(OWLS Post) Rie Kiriyama’s Loss and Recovery

Hello everyone, my name is Scott. For those who are new, I love mech anime, which is why my blog is named the way it is. I step away from that realm a lot and I am doing so again today when talking about March Comes in like a Lion for the fourth time on this blog. This is my second OWL’S post, so I am still learning about how to write with these unique prompts in mind. I’m also nervous about following Venus from JapanimeTalks‘ great post, so check that one out here.

If you don’t know what OWLS (Otaku Warriors for Liberty and Self-Respect) is or what they are about, click this link to learn more. It’s an incredibly fun group of people that want to spread some good messages to a world that needs it.

This month’s Owl’s prompt is called treasure. Here it is in whole:

“There are moments in our lives where we lose our sense of self-worth and value and as a result, we find ourselves deep in darkness or drowning in the ocean. However, every person in this world is a treasure—we treasure ourselves or we are treasured by others—and at times, we may need to be reminded of that.

For this month’s topic, we will be exploring pop culture characters who have suffered from mental illnesses, depression, and/or suicide. We will be discussing how these individuals cope with these issues, the reasons for their emotions, and how they handled the situations they are in.

***Mental illness, suicide, and depression are pretty serious topics and we hope that our OWLS post will give you some solace.”

Rie Kiriyama and Loss

(Usual spoiler warning here)

rie kiriyama drowning

If there is one word to describe what March is about, it’s loss. Yes, this is an anime where characters play shogi, but that is merely a medium used for these characters to interact rather than the focus. Every character in this show has lost one or more family members they were closed to in death or some other way of significance, which puts each of them in a depressive state. It’s a very real thing, because I’ve experienced this myself as well and it took me a couple years to feel similar to being normal, whatever that is.

While each character is great and interesting, I am going to focus on the main character Rie Kiriyama here. Why? Because this post would go on for pages and pages on end if I didn’t. Also, as the main character, Rie Kiriyama, is the heart and soul of the show so I honestly shouldn’t talk about any other character. He isn’t just a platform for us to experience March Comes in like a Lion, his emotions are what grounds us to what is going on. Studio Shaft does a great job of putting us into his depressing world through the use of amazingly mood filled visuals.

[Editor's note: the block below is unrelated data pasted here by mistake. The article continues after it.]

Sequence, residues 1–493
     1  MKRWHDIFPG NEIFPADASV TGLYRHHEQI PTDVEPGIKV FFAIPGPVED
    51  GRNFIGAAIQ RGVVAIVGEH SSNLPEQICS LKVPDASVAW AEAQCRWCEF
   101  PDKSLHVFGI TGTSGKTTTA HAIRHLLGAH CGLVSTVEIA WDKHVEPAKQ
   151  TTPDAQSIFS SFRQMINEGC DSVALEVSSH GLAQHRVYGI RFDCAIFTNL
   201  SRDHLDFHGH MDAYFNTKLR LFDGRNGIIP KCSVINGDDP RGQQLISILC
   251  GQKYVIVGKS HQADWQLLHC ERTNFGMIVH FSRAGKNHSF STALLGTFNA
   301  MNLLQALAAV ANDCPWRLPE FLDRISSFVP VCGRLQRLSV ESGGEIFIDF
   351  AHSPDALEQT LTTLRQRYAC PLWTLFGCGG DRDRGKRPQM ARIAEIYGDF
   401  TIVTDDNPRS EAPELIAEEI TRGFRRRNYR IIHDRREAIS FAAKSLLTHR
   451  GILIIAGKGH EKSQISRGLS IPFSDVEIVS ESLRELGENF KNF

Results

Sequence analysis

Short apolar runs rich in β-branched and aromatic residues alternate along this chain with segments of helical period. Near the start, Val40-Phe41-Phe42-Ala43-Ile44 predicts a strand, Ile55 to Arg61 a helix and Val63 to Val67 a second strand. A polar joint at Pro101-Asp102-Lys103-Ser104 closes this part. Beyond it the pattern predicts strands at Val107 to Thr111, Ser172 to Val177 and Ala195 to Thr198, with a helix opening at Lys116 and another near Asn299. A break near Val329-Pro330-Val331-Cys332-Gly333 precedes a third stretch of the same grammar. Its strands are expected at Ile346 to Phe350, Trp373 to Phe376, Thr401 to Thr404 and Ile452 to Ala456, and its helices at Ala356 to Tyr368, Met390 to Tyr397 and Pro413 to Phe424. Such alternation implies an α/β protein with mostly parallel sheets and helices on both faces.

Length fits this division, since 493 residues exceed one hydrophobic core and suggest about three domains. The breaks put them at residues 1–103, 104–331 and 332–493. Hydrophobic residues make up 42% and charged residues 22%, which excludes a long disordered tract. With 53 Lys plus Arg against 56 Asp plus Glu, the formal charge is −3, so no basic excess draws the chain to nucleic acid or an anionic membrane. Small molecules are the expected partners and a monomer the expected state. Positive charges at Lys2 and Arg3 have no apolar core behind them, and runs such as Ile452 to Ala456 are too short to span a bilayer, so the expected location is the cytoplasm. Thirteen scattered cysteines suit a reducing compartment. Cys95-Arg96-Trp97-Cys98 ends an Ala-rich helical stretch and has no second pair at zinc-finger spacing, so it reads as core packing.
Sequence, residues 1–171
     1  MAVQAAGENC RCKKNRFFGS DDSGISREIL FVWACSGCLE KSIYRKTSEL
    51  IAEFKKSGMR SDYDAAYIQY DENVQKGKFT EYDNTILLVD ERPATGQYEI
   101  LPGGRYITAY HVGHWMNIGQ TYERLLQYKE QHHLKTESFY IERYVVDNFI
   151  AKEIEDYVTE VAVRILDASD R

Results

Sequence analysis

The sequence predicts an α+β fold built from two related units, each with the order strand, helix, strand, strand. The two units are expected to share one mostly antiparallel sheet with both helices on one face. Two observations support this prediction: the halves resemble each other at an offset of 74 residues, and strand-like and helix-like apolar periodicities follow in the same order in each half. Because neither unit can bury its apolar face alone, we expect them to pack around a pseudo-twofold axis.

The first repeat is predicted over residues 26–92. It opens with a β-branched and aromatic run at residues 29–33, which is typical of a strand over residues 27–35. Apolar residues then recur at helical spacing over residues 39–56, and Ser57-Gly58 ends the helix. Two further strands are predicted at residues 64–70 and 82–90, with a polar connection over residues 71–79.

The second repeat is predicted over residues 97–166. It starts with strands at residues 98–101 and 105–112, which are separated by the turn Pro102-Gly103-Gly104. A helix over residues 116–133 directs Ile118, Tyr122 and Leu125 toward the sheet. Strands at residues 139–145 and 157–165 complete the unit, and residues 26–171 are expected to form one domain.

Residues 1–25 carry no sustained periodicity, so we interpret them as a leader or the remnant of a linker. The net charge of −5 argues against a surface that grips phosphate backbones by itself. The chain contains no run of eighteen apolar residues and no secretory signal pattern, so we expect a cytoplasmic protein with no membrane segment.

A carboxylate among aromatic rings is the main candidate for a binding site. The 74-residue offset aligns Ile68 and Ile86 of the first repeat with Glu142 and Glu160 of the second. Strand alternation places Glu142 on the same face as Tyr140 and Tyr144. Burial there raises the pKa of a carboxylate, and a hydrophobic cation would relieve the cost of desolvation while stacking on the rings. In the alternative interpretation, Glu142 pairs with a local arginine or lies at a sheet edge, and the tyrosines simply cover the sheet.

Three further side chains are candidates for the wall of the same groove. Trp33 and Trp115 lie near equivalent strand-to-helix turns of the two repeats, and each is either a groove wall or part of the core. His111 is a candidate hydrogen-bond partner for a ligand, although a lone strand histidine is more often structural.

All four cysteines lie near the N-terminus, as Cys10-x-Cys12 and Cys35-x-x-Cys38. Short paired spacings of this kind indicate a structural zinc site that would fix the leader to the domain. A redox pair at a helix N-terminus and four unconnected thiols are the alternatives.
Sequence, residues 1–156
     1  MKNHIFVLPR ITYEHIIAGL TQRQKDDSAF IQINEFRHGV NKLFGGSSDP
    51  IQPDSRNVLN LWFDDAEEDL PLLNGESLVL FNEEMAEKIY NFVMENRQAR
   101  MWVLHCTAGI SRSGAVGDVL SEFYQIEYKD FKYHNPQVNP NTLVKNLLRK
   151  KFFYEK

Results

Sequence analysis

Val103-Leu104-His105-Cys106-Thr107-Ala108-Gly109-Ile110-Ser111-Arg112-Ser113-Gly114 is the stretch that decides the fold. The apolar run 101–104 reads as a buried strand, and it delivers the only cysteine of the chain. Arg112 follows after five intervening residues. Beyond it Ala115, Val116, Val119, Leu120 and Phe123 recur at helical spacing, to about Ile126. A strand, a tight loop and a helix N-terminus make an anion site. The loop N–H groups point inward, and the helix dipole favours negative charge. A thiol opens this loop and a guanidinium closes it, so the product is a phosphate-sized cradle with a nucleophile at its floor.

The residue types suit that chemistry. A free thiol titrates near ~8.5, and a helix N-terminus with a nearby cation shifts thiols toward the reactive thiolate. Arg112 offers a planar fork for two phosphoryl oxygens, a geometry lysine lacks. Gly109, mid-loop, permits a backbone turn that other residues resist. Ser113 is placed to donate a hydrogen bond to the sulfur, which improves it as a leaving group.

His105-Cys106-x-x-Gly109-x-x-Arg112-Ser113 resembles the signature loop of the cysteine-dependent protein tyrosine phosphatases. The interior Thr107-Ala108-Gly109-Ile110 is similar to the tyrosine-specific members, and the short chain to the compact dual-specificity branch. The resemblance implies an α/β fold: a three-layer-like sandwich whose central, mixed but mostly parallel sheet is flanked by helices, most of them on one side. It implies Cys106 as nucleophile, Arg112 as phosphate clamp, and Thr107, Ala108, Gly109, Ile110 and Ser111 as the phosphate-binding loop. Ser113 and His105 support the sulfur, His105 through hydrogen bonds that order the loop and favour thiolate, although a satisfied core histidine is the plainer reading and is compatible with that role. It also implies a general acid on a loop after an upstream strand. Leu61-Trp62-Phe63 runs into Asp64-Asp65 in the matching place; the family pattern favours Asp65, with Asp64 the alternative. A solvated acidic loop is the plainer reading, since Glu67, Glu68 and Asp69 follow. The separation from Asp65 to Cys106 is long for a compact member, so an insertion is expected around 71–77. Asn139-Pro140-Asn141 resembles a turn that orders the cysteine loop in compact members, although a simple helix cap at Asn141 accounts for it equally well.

Rie Kiriyama has been through a lot. At an early age, he lost his family in a car crash. Quickly after that, he was adopted by his father’s best friend. There, he lived life in a pressure cooker. Not literally, but that’s what his surroundings were like. He competed with his two adopted siblings over the right to play shoji outside of the house. Even things like Christmas gifts added fuel to this fire. Rie’s adoptive dad could give out the nicest gifts to his children, but if you don’t get a shoji board, you know you aren’t the favorite child. Somehow, Rie was the one who ended up with that shoji board. This pressure cooker of a life style really did nothing for his mental psyche and self esteem.

At the beginning of the series starts off with Rie Kiriyama living in his own apartment. He’s only a high schooler (who is one year behind everyone else), and yet he is a professional shogi player that gets a pay check and has got a degree of success from it all. That all said, he is mentally still a mess. He’s an anti social mess that barely cares for himself, because he is depressed. The major accident in his life and feelings towards it were stewed in that pressure cooker for years. This is only a minor theory of mine, but I think that March Comes in like a Lion is anime about Rie finally releasing the emotions that he has had for years. He doesn’t know how to do it, so that’s where his depression and social anxiety comes from. Having it all released at once like this isn’t healthy.

I would that a psychologist would be handy to put into different anime, including this one, but then we wouldn’t get so many analysis and points of view of the human condition.

The Road to Recovery

Rei Happy.jpg

By the end of season one (there is going to be a season two this fall and I’m so excited about it), Rie’s life does improve. How? He starts a shogi club, works with a great professional player to improve his game, and generally becomes more social. That wasn’t an easy decision for him to make. Rie had to decide that this is something that he wanted to do and general, it’s helped him out a lot. He also has a family that he visits from time to time who also lost people and are as warm and loving as ever.